I started this painting some time ago, got distracted, and forgot about it. While looking for paper yesterday, I came across it and decided it would need to be finished up. It got abandoned, really, as it did not seem to be working out when I put it aside.
I enjoy watching videos on YouTube to see how other people paint or do things. This study is based on a video by Lena Rivo, a gouache artist I quite admire.
Roses are also a part of my own gardening – I have a number in bloom right now, although this year they seem a bit off . . . Nonetheless, painted or in bouquets or in the garden, roses are a delight to nearly all of us!
Double Delight is one of the loveliest roses, both in fragrance and looks. I think it is a hybrid tea rose. It is a generous bloomer and pleases anyone who likes roses.
This morning was the last day of our Pencil Portraits in the Park class, and it was sad and fun and productive. Hopefully our teacher will offer it again. As we are outdoors and all vaccinated, most of us go maskless. In the classroom, two hours of wearing masks would not be fun.
After class, a trip to the store and then home for lunch, a nap, afternoon coffee, and continuing the repeating of my following along with Lena Rivo in her “Color Mastery Essentials” class. For this study, she wants the student to see how things are done – give an overview to the novice – but as I have already a bit of experience, I followed, paused the video, painted, backtracked, and so on.
My study is not particularly elegant or well done, but the experience is what was important. I know more about color mixing, but the lessons also mentioned mixing the gouache directly on the paper, painting the main subjects first (guess what they were!), doing the shadows, and then painting the negative space – the background – around them. From there, refinement, such as stems, fixing shapes, etc. I decided to add some prints to the tablecloth in colors I had left on my palette, and rather like the way it pulled everything together a bit.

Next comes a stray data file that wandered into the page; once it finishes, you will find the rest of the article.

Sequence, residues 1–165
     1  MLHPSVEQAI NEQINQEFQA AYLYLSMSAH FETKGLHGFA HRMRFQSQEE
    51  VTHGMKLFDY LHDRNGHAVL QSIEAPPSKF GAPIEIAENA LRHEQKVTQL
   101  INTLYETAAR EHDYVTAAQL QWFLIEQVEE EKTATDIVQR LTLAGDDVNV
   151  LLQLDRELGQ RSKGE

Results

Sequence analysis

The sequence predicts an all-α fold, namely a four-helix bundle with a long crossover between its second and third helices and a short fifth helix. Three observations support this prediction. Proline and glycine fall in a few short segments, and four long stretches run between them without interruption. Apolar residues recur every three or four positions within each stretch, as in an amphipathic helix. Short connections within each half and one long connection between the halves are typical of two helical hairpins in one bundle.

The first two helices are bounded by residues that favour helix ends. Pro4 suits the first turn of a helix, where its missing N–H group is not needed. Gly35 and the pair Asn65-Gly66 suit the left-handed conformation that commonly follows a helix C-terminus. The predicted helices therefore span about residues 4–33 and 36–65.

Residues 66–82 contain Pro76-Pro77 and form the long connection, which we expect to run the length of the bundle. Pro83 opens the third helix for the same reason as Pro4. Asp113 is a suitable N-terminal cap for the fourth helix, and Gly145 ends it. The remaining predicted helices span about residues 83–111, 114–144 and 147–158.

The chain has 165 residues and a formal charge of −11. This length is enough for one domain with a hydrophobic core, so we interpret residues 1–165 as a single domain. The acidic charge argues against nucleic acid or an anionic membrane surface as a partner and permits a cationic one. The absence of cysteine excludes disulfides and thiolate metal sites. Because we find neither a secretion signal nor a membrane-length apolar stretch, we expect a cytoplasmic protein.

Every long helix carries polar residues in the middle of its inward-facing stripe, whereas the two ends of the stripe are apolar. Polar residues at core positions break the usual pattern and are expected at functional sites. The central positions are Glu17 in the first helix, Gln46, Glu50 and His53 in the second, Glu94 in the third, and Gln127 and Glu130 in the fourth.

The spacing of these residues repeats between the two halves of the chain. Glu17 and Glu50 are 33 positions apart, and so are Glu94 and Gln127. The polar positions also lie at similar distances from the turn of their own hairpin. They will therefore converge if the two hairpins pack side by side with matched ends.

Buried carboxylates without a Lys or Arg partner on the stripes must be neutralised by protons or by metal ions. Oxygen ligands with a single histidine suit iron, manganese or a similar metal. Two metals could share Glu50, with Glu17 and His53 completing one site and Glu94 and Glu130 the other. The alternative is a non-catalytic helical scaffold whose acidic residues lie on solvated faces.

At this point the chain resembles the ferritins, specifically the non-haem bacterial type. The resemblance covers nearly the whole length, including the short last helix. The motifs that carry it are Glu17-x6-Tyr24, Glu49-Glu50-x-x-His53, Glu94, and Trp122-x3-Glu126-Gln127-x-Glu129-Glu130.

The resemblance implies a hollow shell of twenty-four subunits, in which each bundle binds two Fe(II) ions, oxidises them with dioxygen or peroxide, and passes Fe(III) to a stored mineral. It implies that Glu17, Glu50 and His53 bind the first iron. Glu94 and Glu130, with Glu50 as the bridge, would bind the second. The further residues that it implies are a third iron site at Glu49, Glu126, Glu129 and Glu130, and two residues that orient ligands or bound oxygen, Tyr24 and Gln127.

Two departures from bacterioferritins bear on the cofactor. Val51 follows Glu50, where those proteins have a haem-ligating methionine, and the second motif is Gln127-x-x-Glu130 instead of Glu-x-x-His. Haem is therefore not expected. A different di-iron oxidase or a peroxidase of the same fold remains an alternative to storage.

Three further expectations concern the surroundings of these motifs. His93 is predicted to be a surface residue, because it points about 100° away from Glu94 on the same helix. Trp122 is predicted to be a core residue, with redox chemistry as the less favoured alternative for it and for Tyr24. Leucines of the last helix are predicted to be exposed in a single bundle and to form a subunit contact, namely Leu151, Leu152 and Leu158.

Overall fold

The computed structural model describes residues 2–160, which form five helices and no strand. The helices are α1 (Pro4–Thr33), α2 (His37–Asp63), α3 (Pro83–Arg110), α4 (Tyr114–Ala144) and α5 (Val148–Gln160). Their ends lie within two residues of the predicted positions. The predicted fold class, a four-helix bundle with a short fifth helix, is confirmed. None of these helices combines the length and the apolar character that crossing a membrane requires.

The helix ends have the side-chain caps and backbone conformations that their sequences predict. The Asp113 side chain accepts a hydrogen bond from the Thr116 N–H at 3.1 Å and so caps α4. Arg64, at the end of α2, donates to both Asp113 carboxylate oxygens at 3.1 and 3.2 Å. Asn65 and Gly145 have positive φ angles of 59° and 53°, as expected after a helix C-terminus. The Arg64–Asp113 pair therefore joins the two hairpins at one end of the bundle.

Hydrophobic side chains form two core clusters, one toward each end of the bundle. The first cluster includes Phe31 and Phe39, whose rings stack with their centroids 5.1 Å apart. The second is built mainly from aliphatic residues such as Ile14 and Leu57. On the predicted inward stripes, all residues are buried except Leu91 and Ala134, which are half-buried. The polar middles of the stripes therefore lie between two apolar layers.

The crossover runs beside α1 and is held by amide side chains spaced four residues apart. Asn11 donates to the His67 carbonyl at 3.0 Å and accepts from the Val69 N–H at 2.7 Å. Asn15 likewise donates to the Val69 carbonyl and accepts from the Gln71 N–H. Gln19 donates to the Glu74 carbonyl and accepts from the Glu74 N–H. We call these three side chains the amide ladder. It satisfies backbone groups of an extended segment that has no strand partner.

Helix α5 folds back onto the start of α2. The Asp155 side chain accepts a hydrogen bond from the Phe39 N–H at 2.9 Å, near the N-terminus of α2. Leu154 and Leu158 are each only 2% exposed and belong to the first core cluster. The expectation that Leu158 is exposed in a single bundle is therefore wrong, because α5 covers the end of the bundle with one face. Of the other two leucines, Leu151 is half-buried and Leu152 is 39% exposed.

To be continued . . .
Awhile back I enrolled in an online class offered by a gouache artist, Lena Rivo, whose work I admire. The class is called “Color Mastery Essntials” and I have found it to be such a pleasure.
I have been painting with gouache since around 2019, and the first task was to get comfortable with the medium, learning its quirks. Every medium needs a level of study that comes simply through experience, and then, once experience is gained, refinement of that experience. Lena Rivo can be found on YouTube, painting in oils, acrylics, and gouache. Her style is simple, her colors are very clean and vibrant. Because mud is my middle name, I thought her class would be worth a try.
Was it? Most definitely. I have gone through nearly all the modules, and am doing them another time. This one is what caught my attention today – value. I really don’t see value but with the exercises in her class, values are becoming more and more visible. The above exercise was about values. The light colors of the fish contrast sharply with one another, some being darker and others being lighter than the water. Besides value, the question is what temperature do you see within the values? Warm? Cold? I never really thought about things this way.
If you want to see Lena Rivo’s work on YouTube, click here, and for her website, click here. There are free downloads about how to improve your art and an excellent guide for painting with gouache. A gallery of her work is eye candy, filled with beautiful colors. Flowers, people. landscapes, the sea and more are all represented here. You can also find links to her courses.